KUALA LUMPUR (Reuters) - Malaysia has set up a panel to fast-track investments as it seeks to woo businesses affected by the U.S.-China trade dispute and it approved more than $500 million in new proposals this month, a government minister said.
An increasing number of U.S. and Chinese businesses have been moving manufacturing out of China to escape tit-for-tat tariffs imposed on each other’s products.
Malaysia’s new National Committee on Investment I (NCII) aims to encourage investment in Southeast Asia’s third-biggest economy and it approved investments worth 2.2 billion ringgit ($526 million) in its first meeting, the minister said.
“If approvals took three months earlier, now it would take a month - from when the documentation is complete to when the committee will approve it,” Ong Kian Ming, deputy minister in the Ministry of International Trade and Industry, told Reuters.
“It would try to expedite investments that are relocating because of the U.S.-China trade conflict,” he said in a recent interview.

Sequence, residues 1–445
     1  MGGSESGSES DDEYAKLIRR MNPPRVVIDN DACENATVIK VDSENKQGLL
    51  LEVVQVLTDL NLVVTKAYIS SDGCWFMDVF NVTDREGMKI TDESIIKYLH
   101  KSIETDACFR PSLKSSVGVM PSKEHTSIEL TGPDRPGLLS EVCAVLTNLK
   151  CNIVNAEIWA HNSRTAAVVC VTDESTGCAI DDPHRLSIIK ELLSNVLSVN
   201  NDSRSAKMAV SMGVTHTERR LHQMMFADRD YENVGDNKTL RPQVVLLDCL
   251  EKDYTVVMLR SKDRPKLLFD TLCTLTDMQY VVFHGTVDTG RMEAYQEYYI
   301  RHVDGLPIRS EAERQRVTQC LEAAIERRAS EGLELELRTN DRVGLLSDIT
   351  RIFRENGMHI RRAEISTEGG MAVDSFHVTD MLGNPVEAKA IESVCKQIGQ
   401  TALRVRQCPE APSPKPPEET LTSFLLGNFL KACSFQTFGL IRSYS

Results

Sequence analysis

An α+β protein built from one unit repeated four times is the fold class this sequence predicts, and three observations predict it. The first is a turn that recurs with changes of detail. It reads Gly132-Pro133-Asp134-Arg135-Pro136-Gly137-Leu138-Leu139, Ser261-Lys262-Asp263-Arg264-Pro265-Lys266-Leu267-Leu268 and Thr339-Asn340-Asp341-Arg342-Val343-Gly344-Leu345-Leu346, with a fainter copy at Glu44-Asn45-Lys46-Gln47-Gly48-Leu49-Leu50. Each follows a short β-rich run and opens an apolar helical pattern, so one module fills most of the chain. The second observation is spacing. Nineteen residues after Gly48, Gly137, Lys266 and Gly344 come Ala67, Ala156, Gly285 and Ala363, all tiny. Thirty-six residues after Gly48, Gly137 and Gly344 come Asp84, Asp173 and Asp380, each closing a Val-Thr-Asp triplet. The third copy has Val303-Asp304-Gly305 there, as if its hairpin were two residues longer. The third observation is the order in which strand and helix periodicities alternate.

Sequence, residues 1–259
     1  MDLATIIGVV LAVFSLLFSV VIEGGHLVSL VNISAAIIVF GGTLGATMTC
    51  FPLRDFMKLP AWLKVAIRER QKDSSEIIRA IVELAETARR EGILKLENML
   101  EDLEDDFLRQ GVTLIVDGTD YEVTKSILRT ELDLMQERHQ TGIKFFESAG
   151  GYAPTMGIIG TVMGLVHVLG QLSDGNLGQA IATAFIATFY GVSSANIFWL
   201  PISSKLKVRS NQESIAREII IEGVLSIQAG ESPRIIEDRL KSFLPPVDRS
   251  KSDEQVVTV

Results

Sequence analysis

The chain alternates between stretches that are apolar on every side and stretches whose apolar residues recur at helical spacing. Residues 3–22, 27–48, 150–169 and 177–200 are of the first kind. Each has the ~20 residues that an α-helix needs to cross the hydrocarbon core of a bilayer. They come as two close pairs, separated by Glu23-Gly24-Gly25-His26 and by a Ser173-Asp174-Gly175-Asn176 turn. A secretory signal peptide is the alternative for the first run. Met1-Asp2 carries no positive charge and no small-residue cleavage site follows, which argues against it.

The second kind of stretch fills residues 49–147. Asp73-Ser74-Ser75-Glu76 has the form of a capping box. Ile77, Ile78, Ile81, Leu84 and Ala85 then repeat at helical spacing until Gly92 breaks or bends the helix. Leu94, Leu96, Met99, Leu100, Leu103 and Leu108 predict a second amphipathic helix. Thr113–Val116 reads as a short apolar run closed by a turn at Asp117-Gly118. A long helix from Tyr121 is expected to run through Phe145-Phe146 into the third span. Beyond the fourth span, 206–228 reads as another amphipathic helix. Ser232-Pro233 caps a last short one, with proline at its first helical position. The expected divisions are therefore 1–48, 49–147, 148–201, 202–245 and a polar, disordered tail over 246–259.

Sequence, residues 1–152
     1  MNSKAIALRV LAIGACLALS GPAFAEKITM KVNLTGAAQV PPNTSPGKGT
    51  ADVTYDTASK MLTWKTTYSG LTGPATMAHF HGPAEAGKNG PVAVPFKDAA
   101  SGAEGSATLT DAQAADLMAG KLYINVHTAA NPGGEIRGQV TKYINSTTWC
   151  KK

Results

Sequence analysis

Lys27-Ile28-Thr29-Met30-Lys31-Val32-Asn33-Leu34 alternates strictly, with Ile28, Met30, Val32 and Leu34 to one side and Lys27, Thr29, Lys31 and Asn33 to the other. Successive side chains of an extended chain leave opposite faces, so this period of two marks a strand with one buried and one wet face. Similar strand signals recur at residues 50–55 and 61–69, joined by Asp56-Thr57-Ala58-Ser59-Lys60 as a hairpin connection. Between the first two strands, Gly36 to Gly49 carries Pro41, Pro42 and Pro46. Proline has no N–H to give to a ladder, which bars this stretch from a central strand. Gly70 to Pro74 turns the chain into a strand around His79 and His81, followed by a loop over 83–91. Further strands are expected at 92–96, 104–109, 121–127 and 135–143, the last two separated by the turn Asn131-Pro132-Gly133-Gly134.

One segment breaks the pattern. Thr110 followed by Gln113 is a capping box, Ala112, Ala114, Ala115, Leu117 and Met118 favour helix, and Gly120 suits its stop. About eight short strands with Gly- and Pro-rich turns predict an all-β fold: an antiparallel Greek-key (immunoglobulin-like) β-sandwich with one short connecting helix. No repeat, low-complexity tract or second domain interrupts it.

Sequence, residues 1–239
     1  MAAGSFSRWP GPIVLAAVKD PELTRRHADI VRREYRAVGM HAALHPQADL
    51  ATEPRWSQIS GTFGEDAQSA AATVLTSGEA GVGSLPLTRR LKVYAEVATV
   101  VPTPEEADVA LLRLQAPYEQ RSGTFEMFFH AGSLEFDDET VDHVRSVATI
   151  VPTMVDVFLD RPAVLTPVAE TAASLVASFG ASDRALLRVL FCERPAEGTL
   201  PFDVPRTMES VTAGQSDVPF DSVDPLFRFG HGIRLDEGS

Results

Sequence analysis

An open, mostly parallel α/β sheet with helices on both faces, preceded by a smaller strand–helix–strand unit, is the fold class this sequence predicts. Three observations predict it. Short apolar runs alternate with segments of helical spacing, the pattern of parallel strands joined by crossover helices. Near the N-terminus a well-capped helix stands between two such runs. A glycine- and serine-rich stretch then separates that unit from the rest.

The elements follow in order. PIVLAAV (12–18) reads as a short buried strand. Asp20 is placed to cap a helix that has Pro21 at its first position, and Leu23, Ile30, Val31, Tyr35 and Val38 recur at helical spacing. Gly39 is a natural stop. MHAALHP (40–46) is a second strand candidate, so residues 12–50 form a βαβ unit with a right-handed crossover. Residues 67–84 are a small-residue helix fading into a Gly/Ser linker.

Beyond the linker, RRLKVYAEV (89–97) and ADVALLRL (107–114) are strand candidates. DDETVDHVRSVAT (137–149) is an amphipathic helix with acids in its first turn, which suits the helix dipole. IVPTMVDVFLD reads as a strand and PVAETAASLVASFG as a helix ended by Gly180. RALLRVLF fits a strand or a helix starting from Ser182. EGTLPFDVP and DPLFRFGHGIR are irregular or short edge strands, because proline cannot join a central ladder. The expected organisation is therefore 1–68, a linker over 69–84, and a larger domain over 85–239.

Vietnam has been widely seen as the biggest beneficiary of businesses relocating to escape the higher U.S. tariffs on goods produced in China, but Thailand has also introduced a package of incentives to attract relocations.
Foreign direct investment (FDI) to Malaysia nearly doubled to 50 billion ringgit ($12 billion) in the first half of this year, of which over half went to manufacturing. Ong said he was hopeful of an even bigger rise in the second half of the year.
The new committee is headed by the ministers of finance and international trade and industry and they have the authority approve incentives immediately. Ong declined to give details of the specific deals it had approved.
U.S. investment topped $5.62 billion in the first half of 2019 and Ong said he expected that to pick up further.
“We do see re-investments coming from existing U.S. companies and new E&E players coming to Malaysia. I know of at least one company that has expressed its very serious interest to come to Malaysia. This is a new factory that will be built,” he said, without identifying the company.
Ong said the number of investment applications from China had risen in recent months and its FDI could rise in the last six months after dipping to 5.1 billion ringgit in the first half from 5.69 billion ringgit a year earlier.
Editing by Matthew Tostevin, Robert Birsel